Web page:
A governor-brokered deal has ended the long, ugly fight in Pittsburgh over whether members of Highmark health plans can keep getting in-network care at facilities operated by rival UPMC. Pennsylvania’s Department of Insurance required Highmark to detail a transition for UPMC patients as a condition of its April 2013 acquisition of West Penn Allegheny Health System. Under a deal announced by Gov. Tom Corbett, Highmark members will continue to have some in-network access to UPMC providers—including oncologists and specialists in behavioral health and pediatrics— after the contract expires Jan. 1.
Phoenix-based Banner Health and the University of Arizona Health Network in Tucson signed a nearly $1 billion agreement for Banner to acquire UAHN and its subsidiaries. That would include the University of Arizona Medical Center, UAHN’s faculty practice, University Physicians Healthcare, and the system’s three health plans. Initial terms call for Banner to spend at least $500 million on capital projects in the next five years and pay $300 million to establish an academic endowment. UAHN’s long-term debt, totaling about $146 million, would also be paid off, and the University of Arizona and its medical school would become Banner’s exclusive academic partner.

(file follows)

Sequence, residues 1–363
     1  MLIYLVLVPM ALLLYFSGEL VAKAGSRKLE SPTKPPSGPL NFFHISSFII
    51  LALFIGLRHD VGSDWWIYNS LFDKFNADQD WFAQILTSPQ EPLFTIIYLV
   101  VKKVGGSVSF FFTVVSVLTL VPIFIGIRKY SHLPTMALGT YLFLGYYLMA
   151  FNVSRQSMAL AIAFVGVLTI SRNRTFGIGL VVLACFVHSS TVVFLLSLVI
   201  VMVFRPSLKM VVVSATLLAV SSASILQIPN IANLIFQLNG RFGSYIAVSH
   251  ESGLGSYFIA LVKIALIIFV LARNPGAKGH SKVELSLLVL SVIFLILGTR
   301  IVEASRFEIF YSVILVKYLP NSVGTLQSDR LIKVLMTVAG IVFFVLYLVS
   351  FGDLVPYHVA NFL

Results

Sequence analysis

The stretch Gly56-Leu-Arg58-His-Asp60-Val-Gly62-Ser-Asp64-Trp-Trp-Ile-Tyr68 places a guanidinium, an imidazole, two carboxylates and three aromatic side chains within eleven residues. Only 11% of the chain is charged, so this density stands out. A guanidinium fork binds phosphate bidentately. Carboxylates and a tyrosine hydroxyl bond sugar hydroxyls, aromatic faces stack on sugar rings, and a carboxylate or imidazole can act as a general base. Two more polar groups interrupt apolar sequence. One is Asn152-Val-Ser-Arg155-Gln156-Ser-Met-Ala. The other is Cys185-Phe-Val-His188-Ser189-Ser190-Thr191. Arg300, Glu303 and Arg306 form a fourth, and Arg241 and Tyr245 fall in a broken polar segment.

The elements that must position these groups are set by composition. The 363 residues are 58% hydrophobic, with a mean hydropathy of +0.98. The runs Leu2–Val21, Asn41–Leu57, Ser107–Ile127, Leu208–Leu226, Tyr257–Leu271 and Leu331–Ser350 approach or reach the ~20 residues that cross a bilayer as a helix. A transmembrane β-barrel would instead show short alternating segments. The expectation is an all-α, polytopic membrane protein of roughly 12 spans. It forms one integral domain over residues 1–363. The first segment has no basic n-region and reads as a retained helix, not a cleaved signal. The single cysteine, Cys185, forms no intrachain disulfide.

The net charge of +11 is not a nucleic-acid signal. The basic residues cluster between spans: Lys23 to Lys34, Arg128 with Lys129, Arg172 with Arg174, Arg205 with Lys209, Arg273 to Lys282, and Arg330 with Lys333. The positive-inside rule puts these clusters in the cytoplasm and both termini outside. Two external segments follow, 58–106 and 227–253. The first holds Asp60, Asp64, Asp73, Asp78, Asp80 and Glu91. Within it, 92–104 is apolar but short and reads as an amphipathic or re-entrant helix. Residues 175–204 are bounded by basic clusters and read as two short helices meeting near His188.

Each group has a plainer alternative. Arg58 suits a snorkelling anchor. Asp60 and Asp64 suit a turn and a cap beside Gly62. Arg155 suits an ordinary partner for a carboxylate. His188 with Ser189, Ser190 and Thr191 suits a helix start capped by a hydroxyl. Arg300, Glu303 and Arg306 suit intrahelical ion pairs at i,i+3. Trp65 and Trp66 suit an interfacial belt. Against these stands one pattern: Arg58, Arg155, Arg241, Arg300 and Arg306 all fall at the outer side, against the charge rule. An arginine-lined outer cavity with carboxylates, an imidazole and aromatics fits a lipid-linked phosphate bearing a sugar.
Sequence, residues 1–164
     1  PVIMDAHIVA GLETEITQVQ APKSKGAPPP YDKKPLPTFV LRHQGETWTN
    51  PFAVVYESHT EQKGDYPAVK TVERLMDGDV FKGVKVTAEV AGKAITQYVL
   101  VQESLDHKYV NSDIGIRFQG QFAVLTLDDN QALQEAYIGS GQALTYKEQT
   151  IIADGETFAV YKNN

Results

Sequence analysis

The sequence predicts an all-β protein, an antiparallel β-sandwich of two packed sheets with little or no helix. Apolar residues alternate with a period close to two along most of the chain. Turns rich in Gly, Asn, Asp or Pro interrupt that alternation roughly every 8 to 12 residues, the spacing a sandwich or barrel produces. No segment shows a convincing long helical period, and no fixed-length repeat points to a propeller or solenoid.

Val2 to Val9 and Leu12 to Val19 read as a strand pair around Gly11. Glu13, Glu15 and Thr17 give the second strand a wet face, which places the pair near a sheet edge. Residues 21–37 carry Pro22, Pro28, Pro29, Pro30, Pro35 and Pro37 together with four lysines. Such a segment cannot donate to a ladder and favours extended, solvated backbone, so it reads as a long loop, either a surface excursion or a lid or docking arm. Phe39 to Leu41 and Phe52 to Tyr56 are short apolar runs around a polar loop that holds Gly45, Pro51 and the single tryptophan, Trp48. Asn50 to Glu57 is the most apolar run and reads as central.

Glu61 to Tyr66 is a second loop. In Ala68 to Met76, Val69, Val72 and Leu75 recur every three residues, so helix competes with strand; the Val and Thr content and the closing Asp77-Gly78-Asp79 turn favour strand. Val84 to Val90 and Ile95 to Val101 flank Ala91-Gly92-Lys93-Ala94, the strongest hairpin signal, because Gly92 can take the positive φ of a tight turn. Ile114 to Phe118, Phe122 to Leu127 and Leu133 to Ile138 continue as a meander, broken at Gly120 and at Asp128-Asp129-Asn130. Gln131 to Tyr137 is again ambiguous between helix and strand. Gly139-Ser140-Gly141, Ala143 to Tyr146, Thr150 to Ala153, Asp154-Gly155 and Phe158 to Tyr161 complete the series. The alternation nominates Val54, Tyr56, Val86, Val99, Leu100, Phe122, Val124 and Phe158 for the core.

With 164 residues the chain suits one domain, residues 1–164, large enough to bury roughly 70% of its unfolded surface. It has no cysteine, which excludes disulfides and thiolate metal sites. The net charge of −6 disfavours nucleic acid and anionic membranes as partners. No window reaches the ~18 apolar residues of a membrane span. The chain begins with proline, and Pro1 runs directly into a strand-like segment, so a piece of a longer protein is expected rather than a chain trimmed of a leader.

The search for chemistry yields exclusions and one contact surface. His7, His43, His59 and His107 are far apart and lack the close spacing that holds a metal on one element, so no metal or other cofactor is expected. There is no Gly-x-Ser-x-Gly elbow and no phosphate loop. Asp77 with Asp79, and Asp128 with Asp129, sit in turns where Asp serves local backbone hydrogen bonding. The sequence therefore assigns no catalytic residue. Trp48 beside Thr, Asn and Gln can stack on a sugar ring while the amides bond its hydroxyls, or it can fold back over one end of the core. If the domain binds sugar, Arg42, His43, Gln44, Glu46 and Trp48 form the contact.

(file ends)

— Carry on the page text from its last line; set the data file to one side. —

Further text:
Catholic Health Initiatives’ acquisition streak proved effective for the diversifying system during the first nine months of its fiscal year. The Englewood, Colo.-based system’s growth—which executives say is critical to capitalize on contracts that link payment to quality and health improvement—contributed to a spike in revenue and a healthy increase in operating margin during the ninemonth period that ended March 31, compared with the same period a year ago. Operating revenue increased 32.5% to $10.2 billion, yielding a margin of 0.8% after accounting for restructuring, impairments and other losses. Without its recent deals, CHI would have posted an operating loss of $136.4 million and a negative margin of 1.8%.